Electrical work can be challenging, complex, physically demanding, and very rewarding. We have found that applicants who have not worked on construction projects, received specific training, or who do not have friends or relatives in the industry are often unfamiliar with the wide range of tasks electrical workers perform, or the skills needed today to be a successful electrical worker. NJATC has prepared a checklist to help prospective applicants measure their interest in day-to-day electrical work, and whether they will have the ability to succeed at the completion of their apprenticeship.
Thirty-five core abilities that are important for all four electrical worker specialties are listed on the checklist. The checklist provides boxes on the left provide space to indicate your interest, as well as your capability, to perform the ability. If you are interested in performing work that requires the ability, place a checkmark under the column labeled “Interest.” If you believe that you are capable of performing work that requires the ability, place a checkmark in the “Capability” column. In a few cases you might be unsure about your capability, especially if you have not worked with blueprints or technical documents. Consider your interest and capability based upon similar activities, such as automotive repair.
A particular employer might not require every one of these abilities for every electrical worker, and the importance of each may vary by the type of electrical job or employer and the level of experience. Many electrical contractors are required by federal or state law to consider making reasonable accommodations for otherwise qualified employees with disabilities, and in some cases accommodations might be available. Our research has shown, however, that the listed abilities are significant on most job sites, and they are all usually needed in order to perform the essential functions of the job of an electrical worker. That is why all of these abilities, and others, are usually viewed by the NJATC as necessary to successful completion of any electrical apprenticeship program.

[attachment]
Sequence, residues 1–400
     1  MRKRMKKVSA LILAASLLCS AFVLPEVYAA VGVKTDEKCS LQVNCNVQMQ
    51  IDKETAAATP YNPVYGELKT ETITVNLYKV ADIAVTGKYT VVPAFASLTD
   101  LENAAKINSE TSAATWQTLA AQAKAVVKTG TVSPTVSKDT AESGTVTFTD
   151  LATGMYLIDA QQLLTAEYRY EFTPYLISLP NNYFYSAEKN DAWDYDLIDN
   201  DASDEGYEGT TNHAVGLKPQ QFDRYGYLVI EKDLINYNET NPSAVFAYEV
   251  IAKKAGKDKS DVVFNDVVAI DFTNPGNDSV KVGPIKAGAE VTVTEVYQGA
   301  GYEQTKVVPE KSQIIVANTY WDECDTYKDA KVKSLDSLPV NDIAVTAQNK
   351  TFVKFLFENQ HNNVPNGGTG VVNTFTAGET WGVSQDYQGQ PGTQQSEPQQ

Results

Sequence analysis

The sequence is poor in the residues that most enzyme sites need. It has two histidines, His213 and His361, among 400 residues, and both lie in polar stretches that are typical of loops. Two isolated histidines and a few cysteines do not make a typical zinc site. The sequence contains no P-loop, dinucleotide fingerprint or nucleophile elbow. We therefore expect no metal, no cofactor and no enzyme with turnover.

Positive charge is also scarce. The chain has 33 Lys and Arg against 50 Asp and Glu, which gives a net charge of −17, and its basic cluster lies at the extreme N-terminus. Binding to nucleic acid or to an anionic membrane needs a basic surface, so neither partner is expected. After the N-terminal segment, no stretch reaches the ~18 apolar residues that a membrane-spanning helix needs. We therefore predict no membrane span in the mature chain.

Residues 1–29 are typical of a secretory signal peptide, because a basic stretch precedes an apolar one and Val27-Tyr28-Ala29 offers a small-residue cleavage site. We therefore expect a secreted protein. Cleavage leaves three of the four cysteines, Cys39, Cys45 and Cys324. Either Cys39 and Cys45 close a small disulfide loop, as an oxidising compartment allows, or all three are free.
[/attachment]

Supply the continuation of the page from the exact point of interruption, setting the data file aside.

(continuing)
If you checked interest and/or capability in many of the abilities, you may be well suited for electrical work. If you checked relatively few abilities, or were unsure about checking them, you should take steps to learn more about electrical work. The fact that you do not have or cannot acquire a particular ability does not prevent you from applying for the apprenticeship programs, but it could present a problem during your training and/or on the job. Some preparatory steps you can take include:
• Look for books on electrical construction work in the library.
• Access the NJATC website at http://www.njatc.org. It provides detailed job descriptions for the four electrical work specialties, as well as other relevant information.
• Enroll in the NJATC’s online Tech Math course. To access the course, go to http://www.njatc.utk.edu.
• Ask the Training Director at the IBEW/NECA training center in your area whether he or she could refer you to someone in the electrical industry who can answer any questions you may have.
Learning more about the work done by electrical workers will help you determine how well suited you are for a career in electrical construction.